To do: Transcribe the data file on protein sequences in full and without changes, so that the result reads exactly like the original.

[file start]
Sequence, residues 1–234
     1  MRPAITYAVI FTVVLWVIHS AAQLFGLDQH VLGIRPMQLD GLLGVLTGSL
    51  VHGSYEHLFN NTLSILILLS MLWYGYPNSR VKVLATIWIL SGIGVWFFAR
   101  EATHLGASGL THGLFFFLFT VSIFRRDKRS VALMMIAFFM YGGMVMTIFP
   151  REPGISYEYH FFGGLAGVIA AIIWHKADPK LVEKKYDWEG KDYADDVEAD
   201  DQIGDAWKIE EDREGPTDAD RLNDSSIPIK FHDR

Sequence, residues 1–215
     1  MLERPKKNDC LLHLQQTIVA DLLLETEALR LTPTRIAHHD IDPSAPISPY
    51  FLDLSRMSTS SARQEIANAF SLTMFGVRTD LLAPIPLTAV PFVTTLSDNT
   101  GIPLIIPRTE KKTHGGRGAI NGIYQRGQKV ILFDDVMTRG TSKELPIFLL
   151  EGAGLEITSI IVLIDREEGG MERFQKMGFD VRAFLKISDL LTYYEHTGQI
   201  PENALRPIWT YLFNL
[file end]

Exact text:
Sequence, residues 1–234
     1  MRPAITYAVI FTVVLWVIHS AAQLFGLDQH VLGIRPMQLD GLLGVLTGSL
    51  VHGSYEHLFN NTLSILILLS MLWYGYPNSR VKVLATIWIL SGIGVWFFAR
   101  EATHLGASGL THGLFFFLFT VSIFRRDKRS VALMMIAFFM YGGMVMTIFP
   151  REPGISYEYH FFGGLAGVIA AIIWHKADPK LVEKKYDWEG KDYADDVEAD
   201  DQIGDAWKIE EDREGPTDAD RLNDSSIPIK FHDR

Sequence, residues 1–215
     1  MLERPKKNDC LLHLQQTIVA DLLLETEALR LTPTRIAHHD IDPSAPISPY
    51  FLDLSRMSTS SARQEIANAF SLTMFGVRTD LLAPIPLTAV PFVTTLSDNT
   101  GIPLIIPRTE KKTHGGRGAI NGIYQRGQKV ILFDDVMTRG TSKELPIFLL
   151  EGAGLEITSI IVLIDREEGG MERFQKMGFD VRAFLKISDL LTYYEHTGQI
   201  PENALRPIWT YLFNL